It was a great sadness to him that he could not attend what was to be the final season in 2010, when he developed heart trouble at the last moment. Perhaps some other director would have cancelled the dig, but he generously allowed the team to proceed. No one then knew that the conflict would begin the following year.
And it was that same generosity that was the key to his achievement in publishing final reports promptly. As series editor, he encouraged and employed selected specialists to pursue their own line of research, without ever laying claim to anything except his own specialist areas. It is a rare achievement that seven volumes of final reports in Jebel Khalid on the Euphrates, published between 2002 and 2023, together with many articles, are now available for study, as they no doubt will be when others return to Syria and to the site of Jebel Khalid. A small part of it is damaged by the conflict but there is still plenty to uncover, work which will have to be based on the prior work of Graeme and his team. That is a fine memorial to Graeme’s enjoyment of what his children call his “happy place.”
The former Director of Excavations and Studies at the General Directorate of Antiquities and Museums of Syria, Damascus, Michel al-Maqdissi, wrote to the Academy recently: ‘The death of Professor Graeme Clarke is a terrible loss for Near Eastern archeology and for Syria. The exemplary works at Jebel Khalid and the excavation carried out under his direction will remain one of the crucial stages for our national archaeology’.
Graeme & the Academy of the Humanities
Graeme, deemed ‘a historian of outstanding quality’, was elected a Fellow of the Australian Academy of the Humanities in 1975. His sustained contributions to the work of the Academy are unparalleled: as Council member (1976-1977, 1986-1994); as Vice-President (1976-1977, 1985-1986); as Treasurer (1986-1994), and as Honorary Secretary (2000-2014). In recent years, he was a valued informal source of corporate memory and wisdom. His contributions to and support of Australian humanities scholarship extended beyond the Academy: he was, for example, President of the Australian Society for Classical Studies (1976-1978); and from 1982 he was a member of Council and from 2007 until his death a member of the Executive Committee of the Australian Archaeological Institute at Athens.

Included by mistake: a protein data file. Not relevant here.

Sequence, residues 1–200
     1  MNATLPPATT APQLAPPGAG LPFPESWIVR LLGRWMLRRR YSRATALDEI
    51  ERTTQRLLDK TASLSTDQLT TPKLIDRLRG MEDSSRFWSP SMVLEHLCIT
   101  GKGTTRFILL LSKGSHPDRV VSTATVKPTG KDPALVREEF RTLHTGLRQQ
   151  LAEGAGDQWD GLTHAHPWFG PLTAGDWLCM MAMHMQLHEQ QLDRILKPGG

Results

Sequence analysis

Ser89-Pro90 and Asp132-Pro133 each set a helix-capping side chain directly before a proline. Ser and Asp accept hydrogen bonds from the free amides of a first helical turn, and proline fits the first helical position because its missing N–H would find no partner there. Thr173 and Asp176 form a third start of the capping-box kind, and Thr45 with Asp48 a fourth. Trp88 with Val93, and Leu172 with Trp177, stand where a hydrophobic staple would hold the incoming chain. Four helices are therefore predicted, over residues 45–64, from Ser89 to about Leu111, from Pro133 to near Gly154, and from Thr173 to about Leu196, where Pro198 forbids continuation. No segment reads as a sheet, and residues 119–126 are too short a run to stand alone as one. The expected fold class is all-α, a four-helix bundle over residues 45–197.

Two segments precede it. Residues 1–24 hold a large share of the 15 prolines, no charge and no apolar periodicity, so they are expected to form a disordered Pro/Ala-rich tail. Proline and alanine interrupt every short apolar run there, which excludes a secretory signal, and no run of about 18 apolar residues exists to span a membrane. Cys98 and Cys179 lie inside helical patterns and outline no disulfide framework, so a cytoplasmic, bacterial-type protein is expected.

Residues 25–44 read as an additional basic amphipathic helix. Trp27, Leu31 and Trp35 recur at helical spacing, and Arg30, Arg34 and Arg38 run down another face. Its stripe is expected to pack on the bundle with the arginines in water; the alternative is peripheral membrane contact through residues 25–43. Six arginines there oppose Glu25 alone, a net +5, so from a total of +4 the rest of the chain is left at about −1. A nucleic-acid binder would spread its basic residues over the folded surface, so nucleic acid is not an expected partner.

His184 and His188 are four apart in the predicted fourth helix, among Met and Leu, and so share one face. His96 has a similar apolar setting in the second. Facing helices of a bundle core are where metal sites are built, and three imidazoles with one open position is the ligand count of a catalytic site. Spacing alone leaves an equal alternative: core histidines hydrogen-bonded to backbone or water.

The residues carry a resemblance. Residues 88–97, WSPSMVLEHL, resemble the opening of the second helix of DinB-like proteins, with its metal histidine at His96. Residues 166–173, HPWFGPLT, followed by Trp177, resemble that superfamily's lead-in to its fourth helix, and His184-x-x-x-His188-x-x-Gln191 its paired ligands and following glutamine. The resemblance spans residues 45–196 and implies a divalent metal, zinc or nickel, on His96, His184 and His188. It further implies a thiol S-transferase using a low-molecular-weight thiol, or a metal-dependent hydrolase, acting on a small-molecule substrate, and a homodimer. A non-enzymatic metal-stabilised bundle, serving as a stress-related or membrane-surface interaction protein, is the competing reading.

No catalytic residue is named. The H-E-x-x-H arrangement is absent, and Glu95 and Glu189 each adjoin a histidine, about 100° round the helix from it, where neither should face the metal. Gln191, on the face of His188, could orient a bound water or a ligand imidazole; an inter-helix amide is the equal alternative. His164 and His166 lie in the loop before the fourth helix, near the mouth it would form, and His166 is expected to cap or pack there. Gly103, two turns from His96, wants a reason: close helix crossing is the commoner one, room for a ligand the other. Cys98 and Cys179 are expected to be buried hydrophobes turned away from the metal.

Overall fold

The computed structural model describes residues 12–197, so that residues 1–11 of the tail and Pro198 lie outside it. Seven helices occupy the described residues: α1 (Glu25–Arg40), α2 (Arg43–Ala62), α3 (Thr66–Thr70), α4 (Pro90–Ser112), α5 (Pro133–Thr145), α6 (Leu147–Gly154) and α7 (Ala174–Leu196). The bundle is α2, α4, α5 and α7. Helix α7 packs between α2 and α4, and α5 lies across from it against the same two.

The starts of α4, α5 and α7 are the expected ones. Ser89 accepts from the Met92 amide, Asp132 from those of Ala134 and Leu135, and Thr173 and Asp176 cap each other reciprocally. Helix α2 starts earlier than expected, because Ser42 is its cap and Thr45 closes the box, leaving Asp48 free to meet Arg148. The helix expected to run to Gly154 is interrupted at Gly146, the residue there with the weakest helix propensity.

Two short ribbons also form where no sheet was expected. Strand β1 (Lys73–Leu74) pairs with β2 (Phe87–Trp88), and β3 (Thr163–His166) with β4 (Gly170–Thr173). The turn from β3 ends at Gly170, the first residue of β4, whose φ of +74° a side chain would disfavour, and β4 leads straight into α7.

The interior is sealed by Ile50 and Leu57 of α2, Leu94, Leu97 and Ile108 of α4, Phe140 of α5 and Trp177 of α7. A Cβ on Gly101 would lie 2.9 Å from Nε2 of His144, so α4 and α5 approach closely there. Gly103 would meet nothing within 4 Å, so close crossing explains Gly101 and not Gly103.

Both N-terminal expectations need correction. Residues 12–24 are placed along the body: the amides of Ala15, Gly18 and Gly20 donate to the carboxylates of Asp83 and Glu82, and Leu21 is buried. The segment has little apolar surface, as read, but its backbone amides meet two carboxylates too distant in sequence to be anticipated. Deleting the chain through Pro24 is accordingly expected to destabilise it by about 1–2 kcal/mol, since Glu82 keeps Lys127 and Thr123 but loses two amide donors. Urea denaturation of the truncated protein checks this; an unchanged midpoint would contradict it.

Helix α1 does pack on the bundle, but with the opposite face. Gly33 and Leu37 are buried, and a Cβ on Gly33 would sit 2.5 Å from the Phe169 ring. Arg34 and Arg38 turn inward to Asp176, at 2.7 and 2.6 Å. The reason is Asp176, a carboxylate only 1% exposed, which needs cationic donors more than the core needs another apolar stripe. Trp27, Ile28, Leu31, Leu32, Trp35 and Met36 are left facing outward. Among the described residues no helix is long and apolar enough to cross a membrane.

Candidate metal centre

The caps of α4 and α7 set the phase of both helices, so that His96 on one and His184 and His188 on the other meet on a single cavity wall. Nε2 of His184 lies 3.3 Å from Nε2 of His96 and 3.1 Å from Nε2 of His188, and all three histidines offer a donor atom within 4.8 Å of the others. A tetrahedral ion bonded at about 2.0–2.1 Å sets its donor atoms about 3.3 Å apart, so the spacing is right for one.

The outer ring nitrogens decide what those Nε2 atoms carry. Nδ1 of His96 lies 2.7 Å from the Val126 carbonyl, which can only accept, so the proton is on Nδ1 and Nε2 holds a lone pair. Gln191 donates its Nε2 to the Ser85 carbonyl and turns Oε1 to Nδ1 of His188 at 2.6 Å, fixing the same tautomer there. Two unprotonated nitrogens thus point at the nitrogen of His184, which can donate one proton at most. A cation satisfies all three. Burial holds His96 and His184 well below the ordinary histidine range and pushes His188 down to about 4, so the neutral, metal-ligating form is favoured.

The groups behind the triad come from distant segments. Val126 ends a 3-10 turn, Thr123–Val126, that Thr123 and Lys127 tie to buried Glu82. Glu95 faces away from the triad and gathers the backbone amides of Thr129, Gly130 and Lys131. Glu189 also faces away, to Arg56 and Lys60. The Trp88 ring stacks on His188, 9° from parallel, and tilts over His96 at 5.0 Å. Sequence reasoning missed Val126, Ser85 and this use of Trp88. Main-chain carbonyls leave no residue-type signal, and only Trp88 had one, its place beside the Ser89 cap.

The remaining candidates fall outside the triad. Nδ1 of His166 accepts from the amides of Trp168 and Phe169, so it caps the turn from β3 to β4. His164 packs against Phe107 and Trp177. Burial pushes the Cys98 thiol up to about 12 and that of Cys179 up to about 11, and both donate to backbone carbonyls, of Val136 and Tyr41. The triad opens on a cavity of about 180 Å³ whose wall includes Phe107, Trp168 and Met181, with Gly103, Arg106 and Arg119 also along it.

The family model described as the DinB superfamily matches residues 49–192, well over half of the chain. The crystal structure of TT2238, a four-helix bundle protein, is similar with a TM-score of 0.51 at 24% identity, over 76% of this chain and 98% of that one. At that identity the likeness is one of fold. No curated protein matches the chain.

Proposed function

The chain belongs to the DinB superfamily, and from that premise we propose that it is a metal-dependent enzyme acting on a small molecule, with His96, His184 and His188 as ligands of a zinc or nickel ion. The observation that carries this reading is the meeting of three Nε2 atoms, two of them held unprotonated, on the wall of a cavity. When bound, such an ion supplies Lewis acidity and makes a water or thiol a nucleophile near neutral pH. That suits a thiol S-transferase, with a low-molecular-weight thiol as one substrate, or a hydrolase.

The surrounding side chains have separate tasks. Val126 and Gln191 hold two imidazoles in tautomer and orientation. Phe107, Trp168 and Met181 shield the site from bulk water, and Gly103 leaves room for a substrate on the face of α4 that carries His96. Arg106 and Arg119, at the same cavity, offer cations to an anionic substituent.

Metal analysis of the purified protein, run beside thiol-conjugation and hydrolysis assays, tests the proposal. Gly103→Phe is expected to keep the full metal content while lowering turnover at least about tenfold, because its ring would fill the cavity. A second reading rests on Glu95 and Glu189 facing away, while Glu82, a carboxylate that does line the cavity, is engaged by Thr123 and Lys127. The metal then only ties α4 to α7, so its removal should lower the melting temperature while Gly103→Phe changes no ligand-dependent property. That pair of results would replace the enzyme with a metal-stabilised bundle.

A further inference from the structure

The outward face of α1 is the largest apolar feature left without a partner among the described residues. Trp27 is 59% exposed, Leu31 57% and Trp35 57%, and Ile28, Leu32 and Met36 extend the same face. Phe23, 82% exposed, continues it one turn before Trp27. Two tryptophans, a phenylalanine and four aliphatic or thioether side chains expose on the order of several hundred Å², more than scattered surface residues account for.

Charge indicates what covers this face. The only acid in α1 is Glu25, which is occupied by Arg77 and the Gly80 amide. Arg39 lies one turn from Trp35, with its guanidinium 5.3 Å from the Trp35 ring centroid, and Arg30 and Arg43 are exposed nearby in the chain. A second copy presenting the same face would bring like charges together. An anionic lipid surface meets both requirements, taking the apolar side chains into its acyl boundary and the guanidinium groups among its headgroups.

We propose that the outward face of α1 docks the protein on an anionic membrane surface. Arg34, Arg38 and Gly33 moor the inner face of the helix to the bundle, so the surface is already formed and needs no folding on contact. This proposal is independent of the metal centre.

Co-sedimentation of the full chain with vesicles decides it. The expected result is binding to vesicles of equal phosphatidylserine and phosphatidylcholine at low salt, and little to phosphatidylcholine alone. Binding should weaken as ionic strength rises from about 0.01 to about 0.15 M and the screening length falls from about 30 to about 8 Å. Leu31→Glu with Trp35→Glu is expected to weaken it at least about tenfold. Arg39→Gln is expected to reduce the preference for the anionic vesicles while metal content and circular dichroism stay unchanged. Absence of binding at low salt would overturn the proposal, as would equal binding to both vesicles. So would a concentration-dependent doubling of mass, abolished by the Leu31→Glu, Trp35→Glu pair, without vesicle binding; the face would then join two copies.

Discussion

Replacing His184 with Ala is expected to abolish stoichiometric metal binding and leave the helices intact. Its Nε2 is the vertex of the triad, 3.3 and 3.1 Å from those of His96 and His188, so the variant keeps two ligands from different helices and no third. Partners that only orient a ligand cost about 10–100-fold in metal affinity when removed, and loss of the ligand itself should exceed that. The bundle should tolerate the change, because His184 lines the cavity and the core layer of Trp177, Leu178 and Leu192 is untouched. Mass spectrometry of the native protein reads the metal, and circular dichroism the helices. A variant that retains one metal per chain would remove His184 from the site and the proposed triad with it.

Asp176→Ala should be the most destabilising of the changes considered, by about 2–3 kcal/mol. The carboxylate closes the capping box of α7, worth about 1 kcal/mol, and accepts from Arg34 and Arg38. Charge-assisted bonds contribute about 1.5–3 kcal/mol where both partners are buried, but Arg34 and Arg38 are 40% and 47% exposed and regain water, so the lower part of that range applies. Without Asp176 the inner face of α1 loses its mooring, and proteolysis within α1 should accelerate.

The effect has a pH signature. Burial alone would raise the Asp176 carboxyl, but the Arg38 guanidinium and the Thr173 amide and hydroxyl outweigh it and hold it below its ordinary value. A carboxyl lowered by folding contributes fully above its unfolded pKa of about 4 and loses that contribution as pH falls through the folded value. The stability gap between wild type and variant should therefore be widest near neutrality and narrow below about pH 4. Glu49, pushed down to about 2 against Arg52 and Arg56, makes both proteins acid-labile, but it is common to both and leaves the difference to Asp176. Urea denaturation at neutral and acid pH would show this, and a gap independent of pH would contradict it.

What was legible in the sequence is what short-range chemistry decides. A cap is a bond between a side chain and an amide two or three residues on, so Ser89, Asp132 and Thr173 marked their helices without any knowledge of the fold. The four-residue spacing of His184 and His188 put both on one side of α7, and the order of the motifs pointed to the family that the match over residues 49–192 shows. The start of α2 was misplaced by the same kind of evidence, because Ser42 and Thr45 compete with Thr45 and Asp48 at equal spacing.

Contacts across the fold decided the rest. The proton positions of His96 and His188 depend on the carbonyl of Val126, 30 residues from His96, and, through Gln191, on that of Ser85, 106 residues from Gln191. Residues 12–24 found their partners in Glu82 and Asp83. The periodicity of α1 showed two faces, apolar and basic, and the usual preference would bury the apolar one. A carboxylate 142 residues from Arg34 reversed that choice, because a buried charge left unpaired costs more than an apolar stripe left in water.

Graeme was one of the Good Citizens in our broad field.
Just as Graeme tried to understand the troubled world of the bishop Cyprian through the rich corpus of letters that the bishop had left behind, so he used the architecture and the artefacts that were excavated at Jebel Khalid to investigate the way of life that produced them—and to understand that world. In an interview for the ANU Reporter (10 August 1990) on his becoming Director of the Humanities Research Centre, Graeme describes his own research in these terms: ‘I want to know how the ancient Greeks and Romans saw the world. To do that I have to use whatever I can—not just what they said in their literary [works], but their artefacts, their towns, cities, their daily routines, their political, social, and economic world, as well as their religions . . . I’m interested in the history of ideas and all the other amalgam of evidence that exists. . . . This is a humane study, a study of men and women’.
All the above builds a picture of a successful and engaging academic, of a great–and yet remarkably modest–scholar, but it does not sufficiently represent Graeme as a wonderful human being, a mentor and a friend, as so many have commented from their hearts. These are people with whom Graeme had collaborated, students he had taught, researchers he had helped and encouraged, friends to whom he had always been loyal. We pay tribute to Graeme’s generous spirit, his innate ability to empathise, and his unfailing concern for the wellbeing of others. Our sympathy is extended to his family, who always supported him and whom he loved deeply. He will not be forgotten.